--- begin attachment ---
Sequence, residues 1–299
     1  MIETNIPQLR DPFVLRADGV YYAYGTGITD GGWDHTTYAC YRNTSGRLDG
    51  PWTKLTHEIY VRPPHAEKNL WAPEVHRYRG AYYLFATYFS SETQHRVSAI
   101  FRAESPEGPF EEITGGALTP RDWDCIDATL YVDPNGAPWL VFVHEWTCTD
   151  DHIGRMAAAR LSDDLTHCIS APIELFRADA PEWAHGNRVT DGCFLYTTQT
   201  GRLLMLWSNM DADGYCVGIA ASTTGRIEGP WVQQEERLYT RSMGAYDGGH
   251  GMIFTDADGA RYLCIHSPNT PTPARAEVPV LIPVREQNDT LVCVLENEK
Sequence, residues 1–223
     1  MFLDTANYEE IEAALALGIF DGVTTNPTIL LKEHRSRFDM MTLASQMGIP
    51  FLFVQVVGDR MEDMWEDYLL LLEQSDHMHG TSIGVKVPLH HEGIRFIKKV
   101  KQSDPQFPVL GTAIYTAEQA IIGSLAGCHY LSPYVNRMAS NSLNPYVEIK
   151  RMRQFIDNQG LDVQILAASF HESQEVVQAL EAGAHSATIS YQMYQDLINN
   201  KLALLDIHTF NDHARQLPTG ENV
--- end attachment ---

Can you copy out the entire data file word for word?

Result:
Sequence, residues 1–299
     1  MIETNIPQLR DPFVLRADGV YYAYGTGITD GGWDHTTYAC YRNTSGRLDG
    51  PWTKLTHEIY VRPPHAEKNL WAPEVHRYRG AYYLFATYFS SETQHRVSAI
   101  FRAESPEGPF EEITGGALTP RDWDCIDATL YVDPNGAPWL VFVHEWTCTD
   151  DHIGRMAAAR LSDDLTHCIS APIELFRADA PEWAHGNRVT DGCFLYTTQT
   201  GRLLMLWSNM DADGYCVGIA ASTTGRIEGP WVQQEERLYT RSMGAYDGGH
   251  GMIFTDADGA RYLCIHSPNT PTPARAEVPV LIPVREQNDT LVCVLENEK
Sequence, residues 1–223
     1  MFLDTANYEE IEAALALGIF DGVTTNPTIL LKEHRSRFDM MTLASQMGIP
    51  FLFVQVVGDR MEDMWEDYLL LLEQSDHMHG TSIGVKVPLH HEGIRFIKKV
   101  KQSDPQFPVL GTAIYTAEQA IIGSLAGCHY LSPYVNRMAS NSLNPYVEIK
   151  RMRQFIDNQG LDVQILAASF HESQEVVQAL EAGAHSATIS YQMYQDLINN
   201  KLALLDIHTF NDHARQLPTG ENV